A component meta class may for example, be defined in the Unified Modeling Language (UML), and may be used to identify things and how these things can be functionally coupled together. According to one embodiment of the present invention, the things may correspond with the reflective state machine interface 125, which can be coupled into a scheduling program or other computer program, such as for example the run-time program 110 b, to facilitate interacting with one or more reflective state machines 120-x.
The component meta class 130 may also be used by the runtime program 110 b or a runtime library 340 to support interacting with the interface 125 of the reflective state machine 120-x, such as for example, state, transitions, actions, and guard conditions. The component meta class 130 may be linked or coupled with the reflective state machine 120 to provide an interface to the reflective state machine. The interface 125 may be used during execution of the runtime program 110 b to interact with, determine execution order, and/or to execute the state machine 120-x. The runtime library 340 may also be used during execution of the runtime program 110 to interact with, determine execution order, and/or to execute the state machine 120-x.
In one scenario, the runtime program 110 b uses the component meta class 130 to execute a state machine 120 by determining the current state, potential transitions, guard conditions, and performing a transition or other function. One implementation includes the use of function pointers which are well known and provide an ability to uniquely identify the computer program functions. Function pointers may be used by the runtime library 340 and/or the runtime program 110 b to access the component meta class 130 coupled with a reflective state machine 120-x, and to access attributes 127-1, . . . , 127-N of the state machine 120. The function pointer may be a function pointer variable that identifies a function associated with a reflective state machine. The function pointer variable may provide the ability to execute functions coupled with the state machine 120.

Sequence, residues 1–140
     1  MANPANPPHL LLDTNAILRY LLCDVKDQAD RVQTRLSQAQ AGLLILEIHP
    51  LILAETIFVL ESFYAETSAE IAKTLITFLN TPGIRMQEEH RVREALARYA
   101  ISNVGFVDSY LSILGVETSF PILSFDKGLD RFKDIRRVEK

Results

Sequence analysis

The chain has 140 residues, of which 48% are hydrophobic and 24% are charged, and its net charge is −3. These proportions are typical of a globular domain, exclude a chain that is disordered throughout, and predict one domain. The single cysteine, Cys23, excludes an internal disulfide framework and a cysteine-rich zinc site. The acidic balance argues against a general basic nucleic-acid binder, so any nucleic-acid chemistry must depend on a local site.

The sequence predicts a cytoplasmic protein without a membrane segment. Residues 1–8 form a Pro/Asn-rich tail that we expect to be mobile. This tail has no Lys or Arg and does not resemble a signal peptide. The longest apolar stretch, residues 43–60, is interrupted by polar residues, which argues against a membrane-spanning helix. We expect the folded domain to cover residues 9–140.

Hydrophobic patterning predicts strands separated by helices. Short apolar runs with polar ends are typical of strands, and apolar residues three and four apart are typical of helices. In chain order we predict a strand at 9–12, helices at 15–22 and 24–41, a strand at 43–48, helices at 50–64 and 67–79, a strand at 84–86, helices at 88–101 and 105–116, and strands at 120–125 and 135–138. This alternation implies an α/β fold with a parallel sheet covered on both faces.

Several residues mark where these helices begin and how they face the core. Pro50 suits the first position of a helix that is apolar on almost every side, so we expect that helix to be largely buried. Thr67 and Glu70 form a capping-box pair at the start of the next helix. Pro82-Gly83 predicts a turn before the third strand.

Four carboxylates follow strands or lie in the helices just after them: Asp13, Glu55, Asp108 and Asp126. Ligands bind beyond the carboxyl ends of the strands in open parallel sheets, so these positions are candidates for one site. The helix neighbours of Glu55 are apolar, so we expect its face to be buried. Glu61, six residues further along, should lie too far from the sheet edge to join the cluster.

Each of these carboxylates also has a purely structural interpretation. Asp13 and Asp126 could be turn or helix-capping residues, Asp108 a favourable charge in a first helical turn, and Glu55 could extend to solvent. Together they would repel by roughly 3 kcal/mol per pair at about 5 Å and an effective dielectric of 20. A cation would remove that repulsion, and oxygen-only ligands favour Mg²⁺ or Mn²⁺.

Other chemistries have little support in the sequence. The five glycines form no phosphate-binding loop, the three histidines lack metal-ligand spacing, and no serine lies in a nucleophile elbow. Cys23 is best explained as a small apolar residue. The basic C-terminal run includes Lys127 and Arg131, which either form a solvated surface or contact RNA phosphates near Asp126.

This approach can allow an application-independent program such as a run-time program 110 b, computer program, and/or system (for example, the Teja runtime system) to interact with one or more state machines based in part on the interface provided by the component meta class 130. The component meta class 130 may thereby enable an application-independent runtime scheduling system to access and execute application-specific state machines.
According to one embodiment, a component meta class 130 may define a number of attributes that are typically inherited by a corresponding reflective state machine 120-x. Several example attributes that may be defined in a component meta class 130 include: class name 133, class size 134, and a number of table pointers 135-x. The table pointers 135-x may include pointers for a table pointer 135-1, transition table 135-2, flow table 135-3, guard table 135-4, action table 135-5, descriptor entry table 135-6, and any other tables 135-N that may be utilized with a reflective state machine 120-x.
One exemplary embodiment of a component meta class 130, may be provided by and/or include a component class 132. An example component class 132 is the Teja component class 132 a illustrated below in Table 1 by way of illustration and not by way of limitation. In this definition structure, a standardized interface for interacting with the reflective state machine 120-x is supported through the component class definition 132 to provide a standardized interface and thereby support interaction with a variety reflective state machines 120-x, runtime program 110, and the run-time library 340. Interaction with the reflective state machine 120-x may also be allowed by variety of other classes and/or objects coupled with the component meta class 130.